Conversely, antiporters are secondary active transport systems that transport substances in opposite directions. For example, the sodium-hydrogen ion antiporter uses the energy from the inward flood of sodium ions to move hydrogen ions (H + ) out of the cell. The sodium-hydrogen antiporter is used to maintain the pH of the cell’s interior.

Other Forms of Membrane Transport

Other forms of active transport do not involve membrane carriers. Endocytosis (bringing “into the cell”) is the process of a cell ingesting material by enveloping it in a portion of its cell membrane, and then pinching off that portion of membrane (Figure 3.1.8). Once pinched off, the portion of membrane and its contents becomes an independent, intracellular vesicle. A vesicle is a membranous sac—a spherical and hollow organelle bounded by a lipid bilayer membrane. Endocytosis often brings materials into the cell that must to be broken down or digested. Phagocytosis (“cell eating”) is the endocytosis of large particles. Many immune cells engage in phagocytosis of invading pathogens. Like little Pac-men, their job is to patrol body tissues for unwanted matter, such as invading bacterial cells, phagocytize them, and digest them. In contrast to phagocytosis, pinocytosis (“cell drinking”) brings fluid containing dissolved substances into a cell through membrane vesicles.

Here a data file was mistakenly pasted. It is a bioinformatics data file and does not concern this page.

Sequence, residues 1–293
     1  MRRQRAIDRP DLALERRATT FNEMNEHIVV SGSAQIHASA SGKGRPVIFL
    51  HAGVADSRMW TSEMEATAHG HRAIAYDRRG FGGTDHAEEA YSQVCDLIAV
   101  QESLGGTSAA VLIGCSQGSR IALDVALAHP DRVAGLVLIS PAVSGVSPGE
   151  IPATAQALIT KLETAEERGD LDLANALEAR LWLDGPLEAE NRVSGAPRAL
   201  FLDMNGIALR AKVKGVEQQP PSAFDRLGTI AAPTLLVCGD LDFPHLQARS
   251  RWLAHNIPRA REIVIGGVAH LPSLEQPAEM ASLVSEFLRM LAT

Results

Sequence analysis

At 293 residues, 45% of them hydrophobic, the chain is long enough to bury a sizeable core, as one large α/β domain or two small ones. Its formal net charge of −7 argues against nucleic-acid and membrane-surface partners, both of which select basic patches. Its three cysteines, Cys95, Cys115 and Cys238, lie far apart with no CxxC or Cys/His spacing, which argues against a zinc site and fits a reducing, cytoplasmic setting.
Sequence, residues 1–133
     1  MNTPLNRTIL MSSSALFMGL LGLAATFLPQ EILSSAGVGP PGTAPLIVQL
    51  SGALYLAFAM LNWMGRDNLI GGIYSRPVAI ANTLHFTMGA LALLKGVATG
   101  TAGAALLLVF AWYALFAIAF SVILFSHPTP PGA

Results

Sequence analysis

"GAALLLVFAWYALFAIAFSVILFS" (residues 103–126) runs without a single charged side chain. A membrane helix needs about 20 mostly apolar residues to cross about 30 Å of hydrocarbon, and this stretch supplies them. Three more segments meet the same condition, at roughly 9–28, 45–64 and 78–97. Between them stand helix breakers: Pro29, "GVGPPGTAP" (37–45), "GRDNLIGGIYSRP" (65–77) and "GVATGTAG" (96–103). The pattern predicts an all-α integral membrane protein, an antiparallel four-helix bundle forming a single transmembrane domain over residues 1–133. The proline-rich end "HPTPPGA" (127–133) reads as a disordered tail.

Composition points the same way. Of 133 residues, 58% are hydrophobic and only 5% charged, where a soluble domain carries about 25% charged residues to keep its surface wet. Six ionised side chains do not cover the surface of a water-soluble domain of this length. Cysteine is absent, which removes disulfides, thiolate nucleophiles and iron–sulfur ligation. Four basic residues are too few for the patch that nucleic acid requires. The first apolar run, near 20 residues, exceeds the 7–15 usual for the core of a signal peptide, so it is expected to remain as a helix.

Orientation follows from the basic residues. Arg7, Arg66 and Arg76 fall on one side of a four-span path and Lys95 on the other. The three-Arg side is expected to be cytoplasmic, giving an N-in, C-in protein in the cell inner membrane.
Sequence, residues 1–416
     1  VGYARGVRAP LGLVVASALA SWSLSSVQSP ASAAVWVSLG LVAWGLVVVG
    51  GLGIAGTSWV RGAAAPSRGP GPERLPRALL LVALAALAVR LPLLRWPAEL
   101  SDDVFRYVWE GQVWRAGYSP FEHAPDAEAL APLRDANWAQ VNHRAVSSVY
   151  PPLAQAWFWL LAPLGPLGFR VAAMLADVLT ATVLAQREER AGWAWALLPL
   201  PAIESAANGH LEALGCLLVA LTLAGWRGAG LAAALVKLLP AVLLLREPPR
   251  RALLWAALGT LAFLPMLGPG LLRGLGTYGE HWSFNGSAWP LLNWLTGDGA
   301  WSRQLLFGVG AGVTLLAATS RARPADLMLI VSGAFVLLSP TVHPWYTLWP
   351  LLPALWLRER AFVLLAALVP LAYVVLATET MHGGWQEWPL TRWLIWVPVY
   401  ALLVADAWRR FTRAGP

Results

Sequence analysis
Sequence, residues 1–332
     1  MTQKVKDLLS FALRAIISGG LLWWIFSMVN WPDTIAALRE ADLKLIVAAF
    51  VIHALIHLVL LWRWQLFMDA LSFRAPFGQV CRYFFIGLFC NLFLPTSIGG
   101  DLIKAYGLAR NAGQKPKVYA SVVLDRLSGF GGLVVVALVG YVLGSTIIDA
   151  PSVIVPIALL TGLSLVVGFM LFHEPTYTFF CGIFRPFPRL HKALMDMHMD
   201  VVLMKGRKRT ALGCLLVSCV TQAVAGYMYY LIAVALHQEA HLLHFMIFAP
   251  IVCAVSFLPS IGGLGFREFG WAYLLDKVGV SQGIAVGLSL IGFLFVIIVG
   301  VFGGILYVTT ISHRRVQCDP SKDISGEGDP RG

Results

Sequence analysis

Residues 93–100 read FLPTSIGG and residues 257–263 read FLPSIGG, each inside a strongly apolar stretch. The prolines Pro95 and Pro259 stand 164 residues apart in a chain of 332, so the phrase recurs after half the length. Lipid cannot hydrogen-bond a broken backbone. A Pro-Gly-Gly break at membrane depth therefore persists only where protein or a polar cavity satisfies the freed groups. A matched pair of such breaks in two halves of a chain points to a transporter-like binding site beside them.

Figure 3.1.8 – Three Forms of Endocytosis: Endocytosis is a form of active transport in which a cell envelopes extracellular materials using its cell membrane. (a) In phagocytosis, which is relatively nonselective, the cell takes in large particles into larger vesicles known as vacuoles. (b) In pinocytosis, the cell takes in small particles in fluid. (c) In contrast, receptor-mediated endocytosis is quite selective. When external receptors bind a specific ligand, the cell responds by endocytosing the ligand.